Name Address Fuel.consumption 30.4mpg DIN. Approx a constant 50mph. attacked waiters Chinese CITROEN each Other with cleavers when he picked up 'a meat cleaver and then sailed into Mr Siu knocking him to the ground and trying to chop him on the head but Mr Siu "overpowered him and then set about Mr Ghung with another chopper, inflicting on him-the more serious injuries," Mr Walsh said. Trip waiters' werfe each' sen-1 Cheshlrs Chester. Border Motor Company.6729778 Crewe, Marshfleld Bank Garage 3495 Stockport.

Blue Star Garage 061-4326403 Widnes.C&TGarage 051-424 4516 Cleveland Tees-side. Parklands 780095. Cumbria Barrow, LesBarr.21568 Road Garage.4545 Dartjyshlro Chesterfield. Gordon Lamb Holdlngs.5161 1 Durham 1 Darlington. Austen Sanderson Co.68753 Durham.Croxdate Service Station.

Spennymoor.814671 Hereford Vtoroestor Malvern.Chevron Motors.3393' Redditch. Bordesley Garage. 8363678 Stourbridge, Vvbodrim Cars.77272 Humberttdo Brough.Hessle Auto Engineers Hull 667225 Cleethorpes, Alfred Lumley.55558 Garage. 77607 SCOTLAND Central Service Co. -Fife Kin'ghorn Kingdom Garage.

252 Kirkcaldy, T. -r SalesS.ServiceCo.4755,, Grampian Aberdeen, RoseMI Garage. 433278 i LbtHlan Edinburgh.Gordon MacAndrew. 031-2297257, -v Strathdydfl Ayr.Heathfield Motors 67282 Glasgow, NeortiC Cars 041-3324643 Taysldo' DundaeiEdward Stewart. 23000 Perth'JhomasLovaiSons 23335' ULSTER Antrim 11 Belfast.W.H:connblly.2344i2 EIRE Dublm.Citroen Importers 505677 Mansfield Kings Mill Garage 21B04 Noitingham, Bristol Street Motors tSlierwoodl.606666 'Salop Shrewsbury.

Green Brotners.4039 Staffordshire GresleyGaragtl. Swadlincote 2454 Stoke-ortTrent. Ray 8 Proctor.31 2235 -Newcastle, Wmgrove Motor SUnderlEnd.GnmshawLeather.67191 Whitley Bay. Auto Services. 259092391 1 North Yorkshire Searborough.EskdaleCars WestAyton3421 York, Haw Garage.

220645 Sou'tt; Yorkshire TJoncastcr.J.G.AIIison 691913806 Goldttiorpe.Dearnside Motor Co 3864 WustYotlcahrrei Bradford. Jack Andrews Cars.495543456 Hudderef lane 6456 Motors 3B091 Leeds.Local Garages. Pudsey 772267 WALES Gwynedd Blackburn.SavoyMolors 22407 Blackpool. Ocean Garage 21469 Preston 'Stockholm Motors. 7 1 8852 Lincolnshire' Boston.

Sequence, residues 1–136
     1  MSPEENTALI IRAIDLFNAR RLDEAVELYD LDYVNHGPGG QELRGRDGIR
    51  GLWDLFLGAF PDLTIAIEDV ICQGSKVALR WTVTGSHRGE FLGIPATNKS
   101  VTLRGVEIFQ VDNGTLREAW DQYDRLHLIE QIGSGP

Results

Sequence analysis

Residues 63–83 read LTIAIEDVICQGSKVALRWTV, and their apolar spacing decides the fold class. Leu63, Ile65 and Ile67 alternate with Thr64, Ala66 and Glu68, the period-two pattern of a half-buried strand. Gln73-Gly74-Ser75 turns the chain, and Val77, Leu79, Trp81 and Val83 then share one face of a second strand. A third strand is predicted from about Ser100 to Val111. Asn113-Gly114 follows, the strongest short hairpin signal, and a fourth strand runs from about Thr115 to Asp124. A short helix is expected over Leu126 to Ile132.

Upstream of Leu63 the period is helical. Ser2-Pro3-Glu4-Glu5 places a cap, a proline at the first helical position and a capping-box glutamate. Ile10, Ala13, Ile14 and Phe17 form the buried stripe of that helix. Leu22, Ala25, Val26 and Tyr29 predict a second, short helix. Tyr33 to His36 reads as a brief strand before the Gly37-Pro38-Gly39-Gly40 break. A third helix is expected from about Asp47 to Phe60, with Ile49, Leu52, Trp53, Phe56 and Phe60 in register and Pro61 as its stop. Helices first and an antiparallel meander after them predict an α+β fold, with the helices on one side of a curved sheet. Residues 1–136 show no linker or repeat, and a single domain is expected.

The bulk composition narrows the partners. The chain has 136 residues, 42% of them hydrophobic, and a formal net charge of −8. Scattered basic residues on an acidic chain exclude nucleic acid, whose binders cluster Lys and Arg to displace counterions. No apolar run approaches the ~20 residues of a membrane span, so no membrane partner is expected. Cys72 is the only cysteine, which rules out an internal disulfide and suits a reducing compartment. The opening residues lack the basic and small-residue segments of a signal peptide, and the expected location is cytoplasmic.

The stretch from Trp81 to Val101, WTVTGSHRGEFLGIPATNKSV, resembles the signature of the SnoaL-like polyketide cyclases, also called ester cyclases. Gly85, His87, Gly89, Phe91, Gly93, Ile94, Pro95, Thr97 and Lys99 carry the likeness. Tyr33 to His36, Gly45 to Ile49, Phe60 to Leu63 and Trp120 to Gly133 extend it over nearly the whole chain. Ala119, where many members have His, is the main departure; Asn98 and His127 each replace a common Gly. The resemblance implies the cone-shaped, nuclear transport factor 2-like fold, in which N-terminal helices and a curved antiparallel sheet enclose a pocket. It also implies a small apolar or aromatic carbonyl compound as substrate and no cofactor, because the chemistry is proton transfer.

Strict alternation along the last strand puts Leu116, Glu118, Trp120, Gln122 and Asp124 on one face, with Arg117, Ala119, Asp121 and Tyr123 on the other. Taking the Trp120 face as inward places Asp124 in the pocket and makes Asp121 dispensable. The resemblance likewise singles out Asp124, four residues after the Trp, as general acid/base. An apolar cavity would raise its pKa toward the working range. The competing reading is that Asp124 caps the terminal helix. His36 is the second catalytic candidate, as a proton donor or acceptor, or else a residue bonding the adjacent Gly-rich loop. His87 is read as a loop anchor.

Baitstrandol Kirton 722233 BuMwinkle.Baumber252 Greater Manchester Bolton.R Pilkington.24582 Blue Star Garages. 061-42847234207 Manchester, Hills Piccadilly.061-236 1 341 Oldham.MetropolaGarage. 061-62426841692 Salford.Portman Garages.061-832 7871 Wigan, Wigan Motor Co. 42281 Morsoysido Higher Bebington.Storeton Engineering Se'rvice Company.051-608 2242 Liverpool.Linacres Garage.051-228 2534 Northumberland Hexbam.Haxham Car Sales. 361 5 Nottinghamshire i teheed to, 18 months imprison By our Correspondent chung ran out drenched in blood' and- pursued by the cleaver-waving Ching Fai-siu who was' also splattered with blood.

Mr Walsh said that Mr Chung (21) suffered a long wound which would scar him for streftohdng 'from his forehead, narrowly -missing his left eye, down to his cheek. He had also had a 1 gaping wound on the left' side of his chest and1 stomach which hajd required ari operation. Mr Shi had to his scalp, leg, and' hands which required several stitches. Both men, hachelors frc-m Hong Kong, pleaded "guilty to unlawfully wquriding the other. They had been close friends until an argument, about who should serve, a particular customer.

Chung began the fight When two waiters in a Chinese restaurant fell out over who should serve a' customer' they launched into each other without of formalities of the martialarts, it was stated at York Crown Court yesterday. grabbed nearest' weapons, to hand cutlery, a tin of mushrooms, a kniife, and then- two meat cleavers with which they "hacked and; chopped each other," in a.vbrutal and "bloody scene of violence, Brian Walsh, prosecuting, said. The fight in the South China restaurant at Northway, Scarborough, in the kitchen and became a running fight Into' the dining room where startled customers were having lunch. One man was finishing his coffee as the kitchen door crashed open and Kwok Ping- ment: suspenaea Tor two years. IrV addition, Mr Chung was fined 60 and Mr Siu 50.

Judge Raymond Dean, Qp, said thut it was a serious crime of violence and: added: "I hope you remain friends and never again' indulge in this of thing, We can't have people chopping at each other with meat cleavers. It really won't do." huh, ine rviytoa parage mum Scunthorofi. Turners Berkeley Sen. ires. "6021234 mi Mr Chung was( said to have left the restaurant to work in Leeds..